The time-honored way to speak of young people is with horror. They’re wild, reckless, irresponsible, narcissistic, immoral and hopeless — and always have been.
Now along comes this generation of millennials, and we have a problem. They are raised on “service projects,” apply to Teach for America in torrents and donate to charity at a higher rate (87 percent) than their elders. Basically, they’ve stabbed us older generations in the back with their idealism and altruism, robbing us of the opportunity to feel superior.
One of the exemplars of this trend, also catering to it, is Barbara Bush, 33. Yes, President George W. Bush’s daughter — the one you perhaps last heard of when she was busted for underage drinking in 2001.
That was a relief, for it indicated some youthful irresponsibility for us to cluck-cluck at: A daughter and granddaughter of presidents, and she provokes a scandal!
But Barbara joined her father on a 2003 trip to Africa and was staggered by the human toll of AIDS in Uganda. “That inequity blew my mind,” she recalled.
So she returned to Yale and took health classes, and then quietly took a job (while her father was still in the White House) in a South African hospital, often working with children with AIDS.
After her return, she and five friends began brainstorming about how to help recruit more people to global health. Her connections opened doors — she’s frank about that — and they ended up starting Global Health Corps, initially intended as a kind of Teach for America for global health. Bush became chief executive at age 26.
Today, Global Health Corps is booming. It receives nearly 6,000 applications a year for fewer than 150 positions as fellows. Half of the fellows are American and half foreign, mostly African, and the program gets plenty of praise from health professionals.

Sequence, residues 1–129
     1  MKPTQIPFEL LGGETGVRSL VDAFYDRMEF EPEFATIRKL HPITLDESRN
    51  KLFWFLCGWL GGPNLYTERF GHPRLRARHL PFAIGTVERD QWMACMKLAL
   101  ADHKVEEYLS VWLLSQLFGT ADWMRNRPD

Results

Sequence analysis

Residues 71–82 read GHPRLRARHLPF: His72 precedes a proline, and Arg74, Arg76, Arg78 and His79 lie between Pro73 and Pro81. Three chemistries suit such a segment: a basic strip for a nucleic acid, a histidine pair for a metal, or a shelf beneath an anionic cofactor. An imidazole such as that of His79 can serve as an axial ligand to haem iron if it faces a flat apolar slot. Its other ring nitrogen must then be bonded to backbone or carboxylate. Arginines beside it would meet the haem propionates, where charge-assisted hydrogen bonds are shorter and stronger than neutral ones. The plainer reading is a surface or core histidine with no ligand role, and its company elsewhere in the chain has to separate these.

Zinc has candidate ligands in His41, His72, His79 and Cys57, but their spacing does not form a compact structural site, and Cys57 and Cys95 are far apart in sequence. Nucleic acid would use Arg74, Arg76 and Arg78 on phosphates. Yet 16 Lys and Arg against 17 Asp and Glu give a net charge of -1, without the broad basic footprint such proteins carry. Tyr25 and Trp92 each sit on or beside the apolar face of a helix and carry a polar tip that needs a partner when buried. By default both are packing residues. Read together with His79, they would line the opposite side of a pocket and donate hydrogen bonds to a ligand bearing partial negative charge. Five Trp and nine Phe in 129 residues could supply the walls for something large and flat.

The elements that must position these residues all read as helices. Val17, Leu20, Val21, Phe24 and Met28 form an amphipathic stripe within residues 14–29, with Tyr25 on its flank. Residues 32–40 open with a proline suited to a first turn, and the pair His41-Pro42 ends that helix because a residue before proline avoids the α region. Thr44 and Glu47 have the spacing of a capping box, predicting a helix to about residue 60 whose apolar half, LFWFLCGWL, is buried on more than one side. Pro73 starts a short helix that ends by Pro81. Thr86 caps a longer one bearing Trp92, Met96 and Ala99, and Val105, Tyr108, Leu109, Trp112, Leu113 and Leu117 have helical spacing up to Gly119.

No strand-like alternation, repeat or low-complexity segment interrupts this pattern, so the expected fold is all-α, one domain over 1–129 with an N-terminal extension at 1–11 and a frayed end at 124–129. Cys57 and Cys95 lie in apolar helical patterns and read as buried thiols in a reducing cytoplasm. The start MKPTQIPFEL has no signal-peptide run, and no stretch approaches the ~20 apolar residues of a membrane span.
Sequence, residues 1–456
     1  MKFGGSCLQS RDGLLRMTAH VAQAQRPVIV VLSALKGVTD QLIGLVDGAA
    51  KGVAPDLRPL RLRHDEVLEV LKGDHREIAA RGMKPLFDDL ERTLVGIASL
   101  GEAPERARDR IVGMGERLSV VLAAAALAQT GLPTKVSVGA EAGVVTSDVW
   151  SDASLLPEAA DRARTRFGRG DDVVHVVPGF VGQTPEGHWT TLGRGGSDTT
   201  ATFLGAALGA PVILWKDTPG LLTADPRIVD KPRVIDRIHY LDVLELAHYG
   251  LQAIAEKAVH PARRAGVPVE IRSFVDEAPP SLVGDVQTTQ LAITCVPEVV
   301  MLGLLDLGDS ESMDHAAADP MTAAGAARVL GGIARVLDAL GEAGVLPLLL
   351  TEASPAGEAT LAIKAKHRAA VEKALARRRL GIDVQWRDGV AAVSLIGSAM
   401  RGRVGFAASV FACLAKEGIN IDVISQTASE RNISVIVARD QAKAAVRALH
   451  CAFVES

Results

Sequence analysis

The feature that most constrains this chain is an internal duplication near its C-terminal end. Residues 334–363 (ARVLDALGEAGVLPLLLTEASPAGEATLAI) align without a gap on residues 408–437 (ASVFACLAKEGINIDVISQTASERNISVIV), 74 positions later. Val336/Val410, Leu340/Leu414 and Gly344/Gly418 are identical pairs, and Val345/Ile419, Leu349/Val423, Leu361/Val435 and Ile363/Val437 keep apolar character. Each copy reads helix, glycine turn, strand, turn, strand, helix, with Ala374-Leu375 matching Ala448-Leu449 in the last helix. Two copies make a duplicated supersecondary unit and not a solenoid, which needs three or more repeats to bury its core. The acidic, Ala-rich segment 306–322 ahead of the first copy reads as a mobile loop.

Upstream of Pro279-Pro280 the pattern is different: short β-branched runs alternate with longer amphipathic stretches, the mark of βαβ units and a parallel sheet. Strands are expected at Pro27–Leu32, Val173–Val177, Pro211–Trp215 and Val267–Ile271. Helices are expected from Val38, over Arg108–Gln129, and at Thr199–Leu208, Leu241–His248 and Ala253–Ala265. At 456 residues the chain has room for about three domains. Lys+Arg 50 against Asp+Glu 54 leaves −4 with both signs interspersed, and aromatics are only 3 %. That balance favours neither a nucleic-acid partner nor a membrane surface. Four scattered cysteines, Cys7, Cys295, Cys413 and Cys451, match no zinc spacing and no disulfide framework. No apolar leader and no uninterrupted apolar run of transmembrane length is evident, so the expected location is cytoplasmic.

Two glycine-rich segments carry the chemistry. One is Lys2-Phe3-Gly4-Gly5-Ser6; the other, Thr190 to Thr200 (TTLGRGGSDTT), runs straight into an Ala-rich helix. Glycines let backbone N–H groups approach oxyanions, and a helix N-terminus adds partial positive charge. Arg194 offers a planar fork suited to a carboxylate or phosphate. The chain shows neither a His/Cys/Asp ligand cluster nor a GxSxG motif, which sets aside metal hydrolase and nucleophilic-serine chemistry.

Barbara Bush acknowledges that her last name has opened doors and helped Global Health Corps expand, and she offers no apologies for her name.
“I’m crazy about my family,” she said. “I was very much taught to care about the world.”
She has a reputation as the liberal in the family (like her grandmother, also a Barbara), for she has spoken out in favor of gay rights, lives in New York City, and at Global Health Corps has built ties to abortion rights groups like Planned Parenthood Global and Marie Stopes International.
Still, she’s wary of being pinned down too much.
“I’m not a huge fan of labels,” she said, citing the Nigerian novelist Chimamanda Ngozi Adichie’s comments about the perils of reducing anything to “a single story.”
“It’s easy to single-story a lot of the people who are very important to me,” she said.
I asked if it was sometimes awkward when friends were snarky about her father (I’ve been critical myself). “I went to college when my dad was running for president, and that’s pretty awkward,” she replied. “I don’t take it personally.”
Her passion for service certainly echoes widely in her generation. Dr. Paul Farmer, the globe-trotting co-founder of Partners in Health, e-mailed me from Rwanda (where he was working with Global Health Corps fellows) to say that when he was going into medical school there was little interest in global health. Now young people are passionate about getting involved.
“Looks from my vantage point that the ‘me generation’ (mine) has been replaced by a millennial generation much more focused on others,” he wrote.
Global Health Corps fellows, typically in their late 20s, are placed with groups like Partners in Health or Covenant House, in Africa and in America. Whether in Zambia or in the United States, two fellows work for a year side by side, one from the host country and one from abroad.
I was initially suspicious of Global Health Corps, wondering how young people, often with no medical training, could be useful. But Bush points to a Global Health Corps logistics expert who worked on a drug supply chain in Tanzania, improving drug access. And architects worked on designing clinics in Rwanda with less air flow, so tuberculosis patients would be less likely to infect others.
“I’m a big fan of the Global Health Corps,” said Dr. Peter Piot, who helped discover Ebola and later ran the United Nations program on AIDS. “They engage nonmedical people in global health” — and that, he said, is a central challenge of health care worldwide.
Bush’s family loyalty and health passions converge when she speaks about her father’s program against AIDS, Pepfar — which has saved millions of lives (and is, in my view, his best legacy).
“I’ll probably burst into tears,” she said when I asked about it. “I’m extremely proud of him for PEPFAR. I’m extremely proud of him — I could talk to you till October about it!”
And then she burst into tears.